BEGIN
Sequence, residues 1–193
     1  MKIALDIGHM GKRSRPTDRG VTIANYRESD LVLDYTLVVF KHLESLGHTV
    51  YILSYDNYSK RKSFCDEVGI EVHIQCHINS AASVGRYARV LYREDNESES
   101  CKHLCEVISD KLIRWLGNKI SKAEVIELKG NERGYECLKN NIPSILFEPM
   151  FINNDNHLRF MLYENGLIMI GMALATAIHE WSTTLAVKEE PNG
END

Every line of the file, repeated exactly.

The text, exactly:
Sequence, residues 1–193
     1  MKIALDIGHM GKRSRPTDRG VTIANYRESD LVLDYTLVVF KHLESLGHTV
    51  YILSYDNYSK RKSFCDEVGI EVHIQCHINS AASVGRYARV LYREDNESES
   101  CKHLCEVISD KLIRWLGNKI SKAEVIELKG NERGYECLKN NIPSILFEPM
   151  FINNDNHLRF MLYENGLIMI GMALATAIHE WSTTLAVKEE PNG